Understanding Graphene: Part 5 – Polymer nanocomposites
Graphene polymer nanocomposites. It sounds a bit of a mouthful doesn’t it? This term basically means adding lots of little pieces of graphene to various plastics to create better materials. Interested? Then read on…
Composites are nothing new; think of glass fibre reinforced plastics (GRP) used to make everything from boats, pipes and containers. Carbon fibre technology is used for formula one cars and aerospace applications. Over half of the Airbus A350 passenger jet is made from carbon fibre composites. These materials are used because they are better than traditional alternatives and so can make lighter structures for the same or improved strength. The commercial implications are obvious; there is a big market out there for composite products.
Nanocomposites are similar in principle except that the materials used have very small dimensions, of less than 100 nanometers. This brings us to graphene. Having excellent thermal and electrical conductivity as well as high tensile strength, it is a natural choice as an additive to various polymers (plastics). It is also available as nanoscale powders and suspension in various liquids.
At InvestorIntel we have produced a report that analyses the global market for graphene production. We found that while no one can currently produce sheet graphene at scale, there are many organisations producing nanoscale graphene as powders or suspensions of nanoplatelets. At least four producers are specifically making graphene additives for polymer composites at present.
At this point, dear InvestorIntel reader, you’ll be asking ‘Why not more?’ Setting patent barriers aside, part of the reason is that when one works at the nanoscale, making sure the additives and polymer matrix are intimately mixed is harder to achieve than would seem a first sight.
Part of the problem is that graphene is very hydrophobic (it repels water), many polymers are hydrophilic (water loving) such as polyvinyl alcohol (PVA). Think about mixing oil and water and you’ll get the idea that graphene and hydrophilic polymers do not mix well. One way round this is to modify the graphene to change its physical properties by reacting it with oxygen to create graphene oxide. This material mixes better with hydrophilic polymers but at the cost of a loss of its electrical conductivity because graphene oxide does not conduct electricity anywhere near as well as graphene.
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There are lots of hydrophobic polymers that graphene will mix with and the addition of graphene improves the electrical and thermal conductivity as well as strength and gas barrier properties.
There are many methods such as electro deposition, electro spinning and atom transfer radical polymerization for making modified graphene nanocomposites and the dedicated reader can find more at this link. We will look at the two main methods for making polymer nanocomposites with graphene; solution casting and melt blending.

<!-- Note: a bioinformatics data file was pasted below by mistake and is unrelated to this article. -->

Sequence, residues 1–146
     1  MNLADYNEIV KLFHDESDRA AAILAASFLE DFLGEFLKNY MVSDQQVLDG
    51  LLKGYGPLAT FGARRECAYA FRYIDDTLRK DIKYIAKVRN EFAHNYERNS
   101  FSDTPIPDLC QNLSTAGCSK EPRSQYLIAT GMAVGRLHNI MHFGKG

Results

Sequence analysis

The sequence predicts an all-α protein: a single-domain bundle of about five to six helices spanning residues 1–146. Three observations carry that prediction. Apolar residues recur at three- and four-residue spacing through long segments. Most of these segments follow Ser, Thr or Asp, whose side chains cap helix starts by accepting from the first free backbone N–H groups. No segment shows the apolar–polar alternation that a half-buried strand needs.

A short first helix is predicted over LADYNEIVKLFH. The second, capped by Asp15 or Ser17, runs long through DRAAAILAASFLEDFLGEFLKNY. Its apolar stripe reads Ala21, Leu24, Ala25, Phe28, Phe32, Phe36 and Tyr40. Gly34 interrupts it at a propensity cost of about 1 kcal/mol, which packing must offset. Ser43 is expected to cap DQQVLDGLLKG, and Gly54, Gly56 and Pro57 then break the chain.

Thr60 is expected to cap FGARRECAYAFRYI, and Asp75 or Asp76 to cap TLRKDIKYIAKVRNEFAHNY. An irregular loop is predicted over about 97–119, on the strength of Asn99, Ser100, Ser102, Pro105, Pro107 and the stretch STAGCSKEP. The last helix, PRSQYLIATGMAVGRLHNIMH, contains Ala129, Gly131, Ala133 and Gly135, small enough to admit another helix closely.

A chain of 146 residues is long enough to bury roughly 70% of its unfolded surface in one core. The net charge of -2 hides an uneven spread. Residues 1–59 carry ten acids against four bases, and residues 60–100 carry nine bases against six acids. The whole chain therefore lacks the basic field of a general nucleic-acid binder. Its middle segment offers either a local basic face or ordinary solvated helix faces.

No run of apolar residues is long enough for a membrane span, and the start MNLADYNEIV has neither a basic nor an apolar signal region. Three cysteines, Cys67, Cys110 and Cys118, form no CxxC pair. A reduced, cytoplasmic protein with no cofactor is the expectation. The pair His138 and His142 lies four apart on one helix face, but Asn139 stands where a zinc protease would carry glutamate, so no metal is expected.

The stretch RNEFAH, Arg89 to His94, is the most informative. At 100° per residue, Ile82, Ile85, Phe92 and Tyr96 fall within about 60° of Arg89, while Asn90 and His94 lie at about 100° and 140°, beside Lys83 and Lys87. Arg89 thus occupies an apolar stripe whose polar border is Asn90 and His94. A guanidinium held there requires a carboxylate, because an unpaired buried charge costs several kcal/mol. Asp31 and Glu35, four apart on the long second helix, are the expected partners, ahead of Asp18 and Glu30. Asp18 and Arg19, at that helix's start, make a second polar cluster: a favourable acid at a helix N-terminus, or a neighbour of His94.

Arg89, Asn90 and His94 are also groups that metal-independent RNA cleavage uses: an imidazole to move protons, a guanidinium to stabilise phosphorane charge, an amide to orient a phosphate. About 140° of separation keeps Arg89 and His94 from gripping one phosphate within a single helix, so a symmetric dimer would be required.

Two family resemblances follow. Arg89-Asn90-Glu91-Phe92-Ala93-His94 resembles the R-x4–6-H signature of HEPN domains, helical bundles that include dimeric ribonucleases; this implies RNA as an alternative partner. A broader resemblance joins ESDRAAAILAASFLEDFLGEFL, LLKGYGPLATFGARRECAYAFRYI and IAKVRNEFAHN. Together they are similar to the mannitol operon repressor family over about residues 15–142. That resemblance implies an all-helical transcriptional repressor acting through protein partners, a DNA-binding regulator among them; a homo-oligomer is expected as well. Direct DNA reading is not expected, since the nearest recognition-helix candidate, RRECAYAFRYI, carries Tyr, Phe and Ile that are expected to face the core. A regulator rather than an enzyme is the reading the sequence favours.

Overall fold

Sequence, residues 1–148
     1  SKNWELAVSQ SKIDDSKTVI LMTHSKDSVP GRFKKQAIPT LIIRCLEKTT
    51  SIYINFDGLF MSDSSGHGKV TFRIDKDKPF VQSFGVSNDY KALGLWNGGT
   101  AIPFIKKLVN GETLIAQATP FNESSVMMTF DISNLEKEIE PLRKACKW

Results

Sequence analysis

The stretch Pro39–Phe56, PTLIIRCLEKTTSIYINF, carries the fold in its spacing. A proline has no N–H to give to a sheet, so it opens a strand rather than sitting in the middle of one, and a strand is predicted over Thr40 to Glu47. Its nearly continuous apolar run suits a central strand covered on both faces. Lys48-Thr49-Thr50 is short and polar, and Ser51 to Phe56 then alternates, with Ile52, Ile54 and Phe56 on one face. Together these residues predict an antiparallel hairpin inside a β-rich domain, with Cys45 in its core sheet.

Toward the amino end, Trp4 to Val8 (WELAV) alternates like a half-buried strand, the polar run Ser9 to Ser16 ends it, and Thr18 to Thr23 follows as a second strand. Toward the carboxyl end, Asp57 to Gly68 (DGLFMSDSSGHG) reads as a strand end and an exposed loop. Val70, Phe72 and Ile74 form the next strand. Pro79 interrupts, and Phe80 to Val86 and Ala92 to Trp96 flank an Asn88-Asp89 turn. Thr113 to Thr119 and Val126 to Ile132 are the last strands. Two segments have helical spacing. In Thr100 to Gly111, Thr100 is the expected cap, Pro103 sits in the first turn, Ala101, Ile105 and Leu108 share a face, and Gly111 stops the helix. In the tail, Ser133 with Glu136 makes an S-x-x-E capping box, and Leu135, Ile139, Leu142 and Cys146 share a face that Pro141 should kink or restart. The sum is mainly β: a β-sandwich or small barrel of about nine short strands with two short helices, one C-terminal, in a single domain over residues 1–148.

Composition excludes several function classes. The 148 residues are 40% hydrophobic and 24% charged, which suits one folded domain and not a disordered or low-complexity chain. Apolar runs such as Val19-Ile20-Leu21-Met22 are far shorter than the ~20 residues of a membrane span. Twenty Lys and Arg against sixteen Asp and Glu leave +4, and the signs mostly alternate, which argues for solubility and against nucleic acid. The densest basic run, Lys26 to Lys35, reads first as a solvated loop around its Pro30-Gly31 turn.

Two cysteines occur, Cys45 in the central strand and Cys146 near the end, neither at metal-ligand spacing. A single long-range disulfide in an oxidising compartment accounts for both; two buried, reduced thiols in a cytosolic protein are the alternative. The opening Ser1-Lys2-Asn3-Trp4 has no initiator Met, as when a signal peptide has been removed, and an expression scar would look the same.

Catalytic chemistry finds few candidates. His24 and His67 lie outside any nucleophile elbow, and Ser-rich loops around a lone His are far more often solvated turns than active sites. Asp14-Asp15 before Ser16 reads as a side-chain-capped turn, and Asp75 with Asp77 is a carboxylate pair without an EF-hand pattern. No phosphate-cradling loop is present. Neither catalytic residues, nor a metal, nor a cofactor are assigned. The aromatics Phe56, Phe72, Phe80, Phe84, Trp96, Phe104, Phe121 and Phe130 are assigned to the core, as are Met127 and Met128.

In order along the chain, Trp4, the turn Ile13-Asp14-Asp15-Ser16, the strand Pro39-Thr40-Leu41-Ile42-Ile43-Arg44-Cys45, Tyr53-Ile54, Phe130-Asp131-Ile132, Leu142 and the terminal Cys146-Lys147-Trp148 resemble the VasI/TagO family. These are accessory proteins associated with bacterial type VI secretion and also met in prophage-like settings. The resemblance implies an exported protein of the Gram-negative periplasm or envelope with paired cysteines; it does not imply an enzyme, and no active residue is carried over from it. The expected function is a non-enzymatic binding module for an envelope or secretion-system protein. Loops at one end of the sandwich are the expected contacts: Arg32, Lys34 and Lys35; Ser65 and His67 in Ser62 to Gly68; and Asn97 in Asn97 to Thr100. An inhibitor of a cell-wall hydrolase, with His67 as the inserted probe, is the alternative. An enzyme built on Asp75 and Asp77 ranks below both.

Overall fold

The solution cast technique is one way to form graphene nanocomposite films. The process starts with finding a common solvent that is compatible with both graphene and the chosen polymer. For example one commonly used solvent is chloroform.
The graphene nanoplatelets are dispersed in the solvent with the polymer using ultrasound mixing. This intimately mixes the graphene, solvent and polymer. The resulting liquid is then spread on a suitable surface and the solvent evaporated off leaving the graphene polymer composite film that can be washed and dried to remove any remaining solvent.
Melt blending involves adding the polymer and graphene powder to a heated screw mixer. The heat causes the polymer to form a liquid melt into which the graphene is dispersed with mixing. The melt is extruded and cooled to leave a nanocomposite of polymer and graphene.
So we now know that producing graphene nanocomposite materials is possible. The next question is are they any good? A team in Malaysia has reviewed graphene nanocomposite materials made by various methods.
They have found that graphene nanoplatelets do indeed improve the physical properties of the polymers they are mixed with. The improvements appear to be best at an addition of 1-5% by weight of graphene. For example a polymer called Polythyleneoxide (PEO) can have its tensile strength improved by as much as 189% by the solution casting approach and 104% by melt blending. The thermal stability and electrical conductivity of polymers has also been improved.
I was initially sceptical of claims for graphene-enhanced products such as tennis racquets, bicycle wheels and parts for racing cars. I’m becoming less sceptical with time. These niche applications will take time to cascade to everyday products, however the commercialization of graphene seems well underway.
Publisher’s Note: To buy the Global Graphene Report, please email mailto:Fred@Wescow.com or +1 416 707 7276.
Adrian Nixon began his career as a scientist and is a Chartered Chemist and Member of the Royal Society of Chemistry. As a scientist and ... <Read more about Adrian Nixon>